A recent Ontario Court of Appeal decision raises the bar for employers seeking to withhold minimum entitlements under the Employment Standards Act from employees dismissed for cause.
The case arose when TK Elevator terminated Mark Render — a manager with more than 30 years’ service — for cause in 2014 after he briefly placed his face near a female colleague’s breasts before he slapped her bottom and said, “Good game.”
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The evidence at trial indicated male co-workers in the workplace would frequently slap each other on the bottom and say “Good game” as part of the joking and teasing that was a regular feature of the workplace. The complainant had often engaged in teasing her coworkers, including Render.
She testified the initial contact was in jest, but the atmosphere changed after Render touched her bottom. Render gave evidence that the contact was intended to be a joke and shortly thereafter, he apologized to the complainant.
An investigation concluded Render’s behaviour was contrary to TK Elevator’s harassment policies. The employer took the position that “the slap” was just cause for termination.
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Render sued for wrongful dismissal, but the trial judge ruled he was guilty of harassment and his dismissal was lawful, disentitling him to notice at common law. But the trial judge didn’t consider whether Render’s behaviour was wilful misconduct that deprived him of his ESA entitlements.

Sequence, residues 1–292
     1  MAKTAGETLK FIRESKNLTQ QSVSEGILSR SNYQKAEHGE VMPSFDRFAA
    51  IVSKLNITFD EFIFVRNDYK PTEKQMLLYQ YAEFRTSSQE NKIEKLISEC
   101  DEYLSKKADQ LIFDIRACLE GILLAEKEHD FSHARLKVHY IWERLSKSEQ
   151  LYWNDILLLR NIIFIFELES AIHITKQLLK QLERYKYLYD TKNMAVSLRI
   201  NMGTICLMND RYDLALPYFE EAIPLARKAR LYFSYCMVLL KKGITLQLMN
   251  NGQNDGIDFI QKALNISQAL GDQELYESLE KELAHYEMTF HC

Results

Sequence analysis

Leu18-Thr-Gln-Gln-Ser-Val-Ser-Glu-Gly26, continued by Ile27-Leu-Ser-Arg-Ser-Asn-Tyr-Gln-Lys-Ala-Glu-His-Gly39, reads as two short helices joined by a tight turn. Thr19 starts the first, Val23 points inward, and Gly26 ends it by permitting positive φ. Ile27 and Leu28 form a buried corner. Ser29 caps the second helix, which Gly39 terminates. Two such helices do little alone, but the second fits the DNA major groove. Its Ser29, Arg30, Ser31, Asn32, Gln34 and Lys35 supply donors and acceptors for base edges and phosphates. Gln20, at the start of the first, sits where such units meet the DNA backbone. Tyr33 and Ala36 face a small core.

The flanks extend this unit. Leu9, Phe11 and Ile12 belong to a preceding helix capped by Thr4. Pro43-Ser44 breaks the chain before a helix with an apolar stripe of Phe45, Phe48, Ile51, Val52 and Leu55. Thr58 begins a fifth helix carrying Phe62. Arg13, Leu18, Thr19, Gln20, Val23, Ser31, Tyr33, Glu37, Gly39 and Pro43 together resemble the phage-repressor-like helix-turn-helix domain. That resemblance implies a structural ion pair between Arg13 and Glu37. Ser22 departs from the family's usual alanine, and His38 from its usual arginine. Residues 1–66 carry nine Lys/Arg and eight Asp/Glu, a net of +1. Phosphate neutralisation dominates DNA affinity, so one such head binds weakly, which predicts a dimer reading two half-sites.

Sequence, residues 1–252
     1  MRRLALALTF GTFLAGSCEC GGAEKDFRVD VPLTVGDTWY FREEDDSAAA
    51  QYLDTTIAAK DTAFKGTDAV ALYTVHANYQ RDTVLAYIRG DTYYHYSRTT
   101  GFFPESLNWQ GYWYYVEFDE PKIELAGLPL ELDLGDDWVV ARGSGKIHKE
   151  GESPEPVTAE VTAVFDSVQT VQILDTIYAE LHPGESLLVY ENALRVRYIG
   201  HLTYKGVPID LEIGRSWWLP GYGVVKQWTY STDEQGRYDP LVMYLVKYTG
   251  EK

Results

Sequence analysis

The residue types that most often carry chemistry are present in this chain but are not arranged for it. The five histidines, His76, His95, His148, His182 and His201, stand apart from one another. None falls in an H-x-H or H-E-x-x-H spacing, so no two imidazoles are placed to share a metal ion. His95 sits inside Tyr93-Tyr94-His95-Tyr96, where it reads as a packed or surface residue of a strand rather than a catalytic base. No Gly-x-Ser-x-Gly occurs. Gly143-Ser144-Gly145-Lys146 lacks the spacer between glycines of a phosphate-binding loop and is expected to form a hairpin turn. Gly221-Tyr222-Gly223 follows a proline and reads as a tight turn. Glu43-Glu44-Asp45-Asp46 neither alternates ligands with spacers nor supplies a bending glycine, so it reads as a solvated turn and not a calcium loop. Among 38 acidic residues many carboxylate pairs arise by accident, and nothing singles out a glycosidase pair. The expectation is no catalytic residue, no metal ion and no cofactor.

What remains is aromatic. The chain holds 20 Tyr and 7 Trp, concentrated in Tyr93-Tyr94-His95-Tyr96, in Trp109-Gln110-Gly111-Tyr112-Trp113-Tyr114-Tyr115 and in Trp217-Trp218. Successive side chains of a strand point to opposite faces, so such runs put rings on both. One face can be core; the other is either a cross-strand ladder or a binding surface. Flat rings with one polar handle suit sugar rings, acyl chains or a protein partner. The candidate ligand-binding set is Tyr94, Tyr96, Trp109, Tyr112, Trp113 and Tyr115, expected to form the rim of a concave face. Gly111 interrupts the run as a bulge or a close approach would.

The court upheld the trial judge’s ruling that Render had been lawfully terminated. But the court also concluded his behaviour didn’t amount to wilful misconduct under the ESA because the contact with the complainant had occurred in the “heat of the moment” and wasn’t pre-planned.
“The court reiterated the well-known principle that proving wilful misconduct is more onerous than proving just cause for termination,” says George Avraam, a litigation partner at Baker McKenzie LLP’s Toronto office, who wasn’t involved in the case. “But it added a new element requiring employers to establish that the misconduct must be pre-planned and not just intentional.”
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Barry Fisher, a Toronto-based employment law mediator who wasn’t involved in the case, says, “historically, wilful meant ‘not accidental.’ Adding ‘pre-planned’ takes things to a whole new level and makes it extremely difficult for employers to establish wilful misconduct.”
By way of example, Fisher notes even gross incompetence or chronic tardiness wouldn’t amount to wilful misconduct. “It’s the difference between knowing the boss is calling you into her office to put you on performance review and coming there with a bat and being called in expecting a raise but being unexpectedly put on performance review, then picking up whatever happens to be handy and hitting the boss with it.”
According to Avraam, the ruling makes a real difference in practical terms. “Many people whose conduct is questionable don’t sue for wrongful dismissal and just try to get their statutory entitlements.”
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